It will also catch redundancies. Are you doing the same novel study as a teacher in the grade before or after yours? Are you teaching the same thing in different units? By looking at your map, you can streamline and cut out unnecessary repetition of skills. The key is to spiral up and build on foundational skills taught earlier in the year, not just to rehash them.

4. Easy differentiation for all levels, from IEP to 504, to Gifted or accelerated learning.

We will always be making accommodations for students in our classes. Everything from differentiation of levels, group work, accelerated work, extra assignments, all can be noted right in the curriculum map. If an administrator, instructional coach, or parent wants to know what you’re doing to accommodate for a student’s specific needs, you’ll have it right there in front of you. Easy peasy.

5. You will see where and how to integrate the subjects you teach.

It’s not possible to teach everything you need to cover in discrete time slots. Gone are the days when reading, writing, and arithmetic were separate and divided. There’s no time for that!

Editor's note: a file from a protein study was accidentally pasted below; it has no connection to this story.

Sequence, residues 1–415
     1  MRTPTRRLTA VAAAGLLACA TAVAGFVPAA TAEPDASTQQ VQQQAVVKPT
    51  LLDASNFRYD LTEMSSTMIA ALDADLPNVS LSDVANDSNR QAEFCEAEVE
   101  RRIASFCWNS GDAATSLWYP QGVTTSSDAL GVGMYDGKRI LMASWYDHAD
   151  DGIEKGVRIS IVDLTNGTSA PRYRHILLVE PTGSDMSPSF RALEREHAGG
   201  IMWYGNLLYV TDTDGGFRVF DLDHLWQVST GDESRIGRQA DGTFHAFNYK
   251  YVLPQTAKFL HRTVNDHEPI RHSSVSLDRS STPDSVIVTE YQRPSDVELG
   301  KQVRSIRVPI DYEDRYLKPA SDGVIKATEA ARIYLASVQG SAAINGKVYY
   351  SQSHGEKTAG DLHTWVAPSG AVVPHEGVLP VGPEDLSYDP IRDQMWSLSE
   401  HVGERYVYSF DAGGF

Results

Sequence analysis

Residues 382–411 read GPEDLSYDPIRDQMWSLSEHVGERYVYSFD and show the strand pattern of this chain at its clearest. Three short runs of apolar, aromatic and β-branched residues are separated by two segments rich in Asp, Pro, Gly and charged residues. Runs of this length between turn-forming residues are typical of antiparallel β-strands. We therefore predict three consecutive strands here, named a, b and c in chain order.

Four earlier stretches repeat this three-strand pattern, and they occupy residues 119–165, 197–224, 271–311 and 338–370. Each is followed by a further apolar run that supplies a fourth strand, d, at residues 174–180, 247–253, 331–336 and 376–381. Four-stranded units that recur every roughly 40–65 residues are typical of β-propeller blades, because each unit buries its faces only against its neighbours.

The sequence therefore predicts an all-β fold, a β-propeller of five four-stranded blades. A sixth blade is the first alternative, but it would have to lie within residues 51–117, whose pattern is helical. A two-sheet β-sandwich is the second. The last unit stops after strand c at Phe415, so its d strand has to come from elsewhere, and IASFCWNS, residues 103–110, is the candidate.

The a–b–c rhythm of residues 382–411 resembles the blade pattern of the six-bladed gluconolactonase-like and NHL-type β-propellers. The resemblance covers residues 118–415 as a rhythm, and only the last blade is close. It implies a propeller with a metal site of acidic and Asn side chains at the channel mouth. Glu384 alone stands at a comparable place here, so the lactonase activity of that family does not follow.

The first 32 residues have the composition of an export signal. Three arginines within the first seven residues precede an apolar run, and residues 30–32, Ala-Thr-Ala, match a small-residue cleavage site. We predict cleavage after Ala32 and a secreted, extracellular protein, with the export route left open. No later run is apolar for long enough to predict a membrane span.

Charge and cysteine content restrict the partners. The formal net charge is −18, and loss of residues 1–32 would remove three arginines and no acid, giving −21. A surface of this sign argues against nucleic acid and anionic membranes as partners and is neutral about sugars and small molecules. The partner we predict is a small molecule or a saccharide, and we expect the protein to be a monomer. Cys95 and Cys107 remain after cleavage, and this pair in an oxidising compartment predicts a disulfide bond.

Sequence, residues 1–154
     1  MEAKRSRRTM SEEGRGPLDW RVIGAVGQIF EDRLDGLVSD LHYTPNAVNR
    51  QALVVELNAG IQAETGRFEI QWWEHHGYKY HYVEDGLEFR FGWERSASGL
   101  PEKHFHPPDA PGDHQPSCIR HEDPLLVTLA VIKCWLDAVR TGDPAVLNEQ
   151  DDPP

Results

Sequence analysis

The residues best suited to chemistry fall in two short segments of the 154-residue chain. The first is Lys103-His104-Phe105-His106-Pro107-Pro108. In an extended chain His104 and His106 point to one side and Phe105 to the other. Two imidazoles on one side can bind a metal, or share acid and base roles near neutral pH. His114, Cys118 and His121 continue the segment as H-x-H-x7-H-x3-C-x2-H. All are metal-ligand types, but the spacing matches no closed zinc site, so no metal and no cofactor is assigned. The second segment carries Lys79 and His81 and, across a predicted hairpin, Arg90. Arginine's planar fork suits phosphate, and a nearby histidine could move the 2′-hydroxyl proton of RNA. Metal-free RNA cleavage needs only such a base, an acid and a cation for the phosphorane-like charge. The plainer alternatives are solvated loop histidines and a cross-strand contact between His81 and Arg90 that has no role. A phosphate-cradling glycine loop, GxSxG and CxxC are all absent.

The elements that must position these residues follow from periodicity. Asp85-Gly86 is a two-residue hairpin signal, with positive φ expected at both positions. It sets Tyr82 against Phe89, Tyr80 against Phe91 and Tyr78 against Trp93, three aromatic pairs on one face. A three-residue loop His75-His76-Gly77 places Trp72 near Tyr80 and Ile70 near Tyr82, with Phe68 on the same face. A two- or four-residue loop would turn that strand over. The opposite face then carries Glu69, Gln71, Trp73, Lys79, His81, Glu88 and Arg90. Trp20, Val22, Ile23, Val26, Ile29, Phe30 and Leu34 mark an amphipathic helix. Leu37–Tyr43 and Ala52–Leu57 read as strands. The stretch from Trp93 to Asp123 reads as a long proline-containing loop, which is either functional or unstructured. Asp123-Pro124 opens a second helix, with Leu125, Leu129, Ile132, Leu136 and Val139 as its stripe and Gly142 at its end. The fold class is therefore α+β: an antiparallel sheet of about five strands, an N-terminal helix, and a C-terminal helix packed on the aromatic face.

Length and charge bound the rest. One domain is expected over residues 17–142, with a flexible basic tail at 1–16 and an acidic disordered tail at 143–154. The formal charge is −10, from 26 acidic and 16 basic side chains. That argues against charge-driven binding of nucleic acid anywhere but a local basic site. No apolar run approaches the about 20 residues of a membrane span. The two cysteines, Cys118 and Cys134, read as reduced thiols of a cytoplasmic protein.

Meaningful education brings it into the real world through authentic assignments and project based learning, inquiry learning, and more. 

Writing across the curriculum about science, art, and math is an obvious integration. For example, if your class does a research project about biomes, then they can do an art project related to the biome. You could assign a math project calculating the maximum population of specific groups in the biome. You can integrate math into art projects. 


For example, in fifth grade, we did art projects demonstrating the Fibonnaci sequence. Then we went outdoors and wrote about all the living things we could find demonstrating the Fibonnaci sequence. I still have the picture of the sunflower one student photographed in our school garden. You can see up close the spirals of the seeds in the center of the petal. Beautiful! 

6. You will know in advance which evidence to keep in digital portfolios or paper portfolios.